Over the years, the ag students played a big part in the life of the campus, none more so than the class of 1978-79. They were so missed by so many (including myself) when they departed.

UCG 78/'81 Reunion -Saturday November 17th at NUI Galway.

UCG 78/'81 Reunion-Celebrating a Golden Era of Student Life in Galway.
An exciting UCG reunion for the graduate classes of 1978 to 1981 will take place on Saturday November 17th at NUI Galway.`
The event will be an opportunity for students from this era to meet up with old friends, listen to talks from favourite lecturers and student characters, view an exhibition of UCG Life from 1975 to 1981, savour once again the banter and humorous heckling of a Lit ‘n’ Deb event and enjoy a buffet meal in the Student Union’s Bar (Sult) followed by the sounds of a 70s-themed disco with the legendary Gerry Sexton (‘Big G’) and 60s/70s classic live rock from 'Mouse & the Traps'.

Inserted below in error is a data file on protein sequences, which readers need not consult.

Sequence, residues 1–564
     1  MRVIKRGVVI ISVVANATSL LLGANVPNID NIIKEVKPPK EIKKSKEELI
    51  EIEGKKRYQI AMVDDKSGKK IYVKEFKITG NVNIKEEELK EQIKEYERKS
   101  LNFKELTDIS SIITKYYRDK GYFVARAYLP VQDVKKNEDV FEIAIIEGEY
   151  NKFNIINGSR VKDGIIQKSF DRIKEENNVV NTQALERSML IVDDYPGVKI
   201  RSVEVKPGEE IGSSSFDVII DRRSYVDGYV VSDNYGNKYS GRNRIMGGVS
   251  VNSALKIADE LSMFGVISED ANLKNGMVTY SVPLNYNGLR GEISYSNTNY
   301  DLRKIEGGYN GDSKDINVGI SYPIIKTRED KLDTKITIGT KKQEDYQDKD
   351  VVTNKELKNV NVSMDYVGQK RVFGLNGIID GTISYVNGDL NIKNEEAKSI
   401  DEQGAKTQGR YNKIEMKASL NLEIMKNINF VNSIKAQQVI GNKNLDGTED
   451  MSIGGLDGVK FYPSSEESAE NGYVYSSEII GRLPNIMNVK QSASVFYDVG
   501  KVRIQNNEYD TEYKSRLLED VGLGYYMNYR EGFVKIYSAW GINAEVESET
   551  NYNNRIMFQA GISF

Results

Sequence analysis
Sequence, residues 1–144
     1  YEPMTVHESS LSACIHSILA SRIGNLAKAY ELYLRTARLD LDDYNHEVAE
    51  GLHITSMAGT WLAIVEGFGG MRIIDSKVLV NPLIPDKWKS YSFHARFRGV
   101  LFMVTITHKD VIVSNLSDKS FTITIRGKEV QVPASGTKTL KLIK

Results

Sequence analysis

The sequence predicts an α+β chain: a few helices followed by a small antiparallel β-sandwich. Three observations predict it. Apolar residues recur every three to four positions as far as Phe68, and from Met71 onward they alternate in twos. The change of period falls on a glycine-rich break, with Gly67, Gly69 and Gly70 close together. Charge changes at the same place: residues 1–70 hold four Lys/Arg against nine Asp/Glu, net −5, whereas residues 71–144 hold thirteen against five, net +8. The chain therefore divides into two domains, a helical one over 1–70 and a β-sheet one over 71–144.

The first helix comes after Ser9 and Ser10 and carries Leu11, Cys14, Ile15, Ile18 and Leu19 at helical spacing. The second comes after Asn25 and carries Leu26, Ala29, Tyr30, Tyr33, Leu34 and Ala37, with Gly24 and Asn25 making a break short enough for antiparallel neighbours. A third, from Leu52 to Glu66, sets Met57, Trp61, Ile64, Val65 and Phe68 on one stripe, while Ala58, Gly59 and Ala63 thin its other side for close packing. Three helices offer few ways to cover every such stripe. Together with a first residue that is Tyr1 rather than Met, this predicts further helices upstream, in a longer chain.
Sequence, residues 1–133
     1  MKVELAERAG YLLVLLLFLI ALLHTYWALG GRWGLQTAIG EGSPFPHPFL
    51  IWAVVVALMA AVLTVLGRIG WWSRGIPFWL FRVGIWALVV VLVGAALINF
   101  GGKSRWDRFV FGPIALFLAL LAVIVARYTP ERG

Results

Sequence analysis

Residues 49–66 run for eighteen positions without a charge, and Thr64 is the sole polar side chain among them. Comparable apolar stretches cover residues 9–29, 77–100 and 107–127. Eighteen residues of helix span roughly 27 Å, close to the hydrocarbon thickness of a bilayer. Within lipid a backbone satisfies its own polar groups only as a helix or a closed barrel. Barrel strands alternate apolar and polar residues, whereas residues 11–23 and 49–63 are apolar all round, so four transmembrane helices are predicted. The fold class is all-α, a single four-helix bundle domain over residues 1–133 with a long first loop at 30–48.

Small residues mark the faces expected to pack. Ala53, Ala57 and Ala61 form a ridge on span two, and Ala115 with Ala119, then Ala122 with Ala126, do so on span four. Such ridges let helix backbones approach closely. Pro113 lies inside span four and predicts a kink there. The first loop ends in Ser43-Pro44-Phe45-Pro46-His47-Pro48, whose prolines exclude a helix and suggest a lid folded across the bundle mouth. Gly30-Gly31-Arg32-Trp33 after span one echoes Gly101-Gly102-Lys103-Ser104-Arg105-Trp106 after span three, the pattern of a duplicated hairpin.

Tickets can be obtained at the Eventbrite UCG 1978/'81 page:

2.00pm Meet-up in front of D’Arcy Thompson Theatre, Concourse.
2.30pm UCG Lit ‘n’ Deb entitled The Papal Visit of 2018 was truly honest and more beneficial for the people of Ireland than the Visit of 1979. Participants are Benny Irwin, Grainne McMorrow, Eugene O’Kelly, Jacqui O'Dowd, Joyce McGreevy and Joe Rice.
Venue: D’Arcy Thompson Theatre, Concourse.
3.30pm Intermission
3.50pm Lecture: Anglo-Irish Drama: The Hidden History by Prof. Hubert McDermott.
4.50pm Lecture: Gibs, Rag Ball & Toga Parties- an insider's story on the Fun & Frolics at UCG.
8.00pm A series of exhibitions on ‘School Days’, ‘Arcade Games’, & ‘UCG Life – 1975-1981’.

plus ‘In Memoriam' table with photos and candles of our friends from UCG days that have passed on.
8.15pm Seisiún in ‘Sult’ (Students’ Union) Bar
8.30pm Food Buffet and Music with ‘Big G’ 70’s Disco and ‘Mouse & the Traps’ (classic rock)

Do You Remember....the many different shades of Red in Student Politics?

Photo shows Mike Jennings and Padraig Mannion at the Union of Students of Ireland (USI) 1979 Congress in the Great Southern Hotel Killarney.